Building Community Roots
COBS Bread has the right ingredients to continue its growth through tough economic times
By Gina Makkar
There’s nothing better than freshy baked bread. Stepping into a COBS Bread bakery is akin to strolling past a French boulangerie, its heady scent reminiscent of the warmth and cosiness of childhood kitchens. With today’s uncertainty, we’re reaching for creature comforts more than ever. COBS is proof that a brand can rise to a challenge, meet the needs of its community, and emerge stronger. They are a true iconic brand.
COBS Bread is a part of the Bakers Delight family, an Australian franchise started in 1980 by Roger and Lesley Gillespie. In 2003, the first Canadian COBS bakery opened its doors in Edgemont, North Vancouver. Today, bakeries across Canada serve fresh, handcrafted breads and treats at over 125 locations, with plans to continue to expand.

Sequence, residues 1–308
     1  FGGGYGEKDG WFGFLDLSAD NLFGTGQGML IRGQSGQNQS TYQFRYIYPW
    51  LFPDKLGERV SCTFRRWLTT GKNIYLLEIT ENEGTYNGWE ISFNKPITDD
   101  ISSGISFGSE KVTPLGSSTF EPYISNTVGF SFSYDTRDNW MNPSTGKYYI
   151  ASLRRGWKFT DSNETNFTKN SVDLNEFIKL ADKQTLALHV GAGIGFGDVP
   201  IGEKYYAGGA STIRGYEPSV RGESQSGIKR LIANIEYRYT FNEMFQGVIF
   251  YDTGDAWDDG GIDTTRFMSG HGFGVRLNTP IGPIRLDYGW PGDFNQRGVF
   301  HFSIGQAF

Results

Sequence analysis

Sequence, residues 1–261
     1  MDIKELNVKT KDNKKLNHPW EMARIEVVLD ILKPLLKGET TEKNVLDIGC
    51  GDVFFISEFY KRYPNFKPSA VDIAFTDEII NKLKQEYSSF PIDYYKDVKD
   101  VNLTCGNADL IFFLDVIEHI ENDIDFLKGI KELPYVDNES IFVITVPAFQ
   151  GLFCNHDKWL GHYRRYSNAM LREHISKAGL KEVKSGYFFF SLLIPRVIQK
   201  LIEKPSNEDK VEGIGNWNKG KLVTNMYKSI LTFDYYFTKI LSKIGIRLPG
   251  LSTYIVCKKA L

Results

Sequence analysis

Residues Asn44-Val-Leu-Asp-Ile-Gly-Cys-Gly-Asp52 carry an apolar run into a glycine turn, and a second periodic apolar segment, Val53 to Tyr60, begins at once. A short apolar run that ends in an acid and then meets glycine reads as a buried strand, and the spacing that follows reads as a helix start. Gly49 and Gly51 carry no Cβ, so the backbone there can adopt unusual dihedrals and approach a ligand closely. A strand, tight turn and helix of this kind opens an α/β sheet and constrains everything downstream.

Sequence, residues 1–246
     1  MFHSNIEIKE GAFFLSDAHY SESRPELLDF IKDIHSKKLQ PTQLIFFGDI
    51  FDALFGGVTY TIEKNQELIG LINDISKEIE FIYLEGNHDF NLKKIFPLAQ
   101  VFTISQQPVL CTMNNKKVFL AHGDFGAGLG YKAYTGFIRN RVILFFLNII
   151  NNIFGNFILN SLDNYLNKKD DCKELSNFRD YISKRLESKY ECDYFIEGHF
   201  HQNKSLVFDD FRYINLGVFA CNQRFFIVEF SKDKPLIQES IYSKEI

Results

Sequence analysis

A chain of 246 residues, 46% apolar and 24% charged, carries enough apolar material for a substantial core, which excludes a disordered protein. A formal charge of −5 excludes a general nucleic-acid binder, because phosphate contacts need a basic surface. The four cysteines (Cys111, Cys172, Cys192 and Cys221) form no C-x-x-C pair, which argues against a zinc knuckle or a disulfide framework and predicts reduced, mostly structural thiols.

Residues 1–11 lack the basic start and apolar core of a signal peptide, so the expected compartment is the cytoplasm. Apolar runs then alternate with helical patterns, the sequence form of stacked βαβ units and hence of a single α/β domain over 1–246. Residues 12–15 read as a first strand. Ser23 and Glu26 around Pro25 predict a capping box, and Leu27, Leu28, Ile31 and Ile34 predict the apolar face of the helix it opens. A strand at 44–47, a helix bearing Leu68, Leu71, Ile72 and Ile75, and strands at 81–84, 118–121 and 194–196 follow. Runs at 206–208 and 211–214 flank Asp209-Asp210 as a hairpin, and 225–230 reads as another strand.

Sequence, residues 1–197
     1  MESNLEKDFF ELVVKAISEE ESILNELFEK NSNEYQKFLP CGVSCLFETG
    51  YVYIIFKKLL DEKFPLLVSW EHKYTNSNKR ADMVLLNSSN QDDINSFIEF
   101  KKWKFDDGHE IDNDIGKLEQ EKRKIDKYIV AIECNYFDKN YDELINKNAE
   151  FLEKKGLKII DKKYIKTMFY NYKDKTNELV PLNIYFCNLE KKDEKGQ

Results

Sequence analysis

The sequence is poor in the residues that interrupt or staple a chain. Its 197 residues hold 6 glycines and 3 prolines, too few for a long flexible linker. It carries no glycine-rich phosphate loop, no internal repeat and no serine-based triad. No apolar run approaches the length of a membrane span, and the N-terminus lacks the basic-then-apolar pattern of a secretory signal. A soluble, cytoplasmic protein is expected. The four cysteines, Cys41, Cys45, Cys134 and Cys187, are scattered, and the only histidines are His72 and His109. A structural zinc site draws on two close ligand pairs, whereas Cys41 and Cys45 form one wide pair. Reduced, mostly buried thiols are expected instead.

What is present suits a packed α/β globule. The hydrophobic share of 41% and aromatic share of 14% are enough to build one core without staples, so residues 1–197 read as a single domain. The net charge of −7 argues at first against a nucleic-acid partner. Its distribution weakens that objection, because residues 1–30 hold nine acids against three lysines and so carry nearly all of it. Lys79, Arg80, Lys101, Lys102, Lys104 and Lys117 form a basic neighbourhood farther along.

Vice president John Gilson says the original Canadian brand opened corporate stores that mirrored its Australian locations to establish the business before putting a franchisee’s capital at risk. “We wanted to get into the market and test the franchise out,” says Gilson.
As the brand matured, Canadians, who often opt for sweet treats, began to include bread in their purchases. “People realize the bread is healthy, has no additives and preservatives. The mentality changes from initial trial to dedication, and when you get to that dedication point, you find that a lot more bread is sold. That’s when we know we have our roots in a community.”
Over the years, the company has layered in additional products, like cinnamon buns and scones in a variety of flavours. Higher fibre bread, a seedy sunflower flax sourdough, and mini pizzas are among some of COBS Bread’s best sellers. “We are always looking to add to our offerings. We are very focused on what we do.”
Keep calm and bake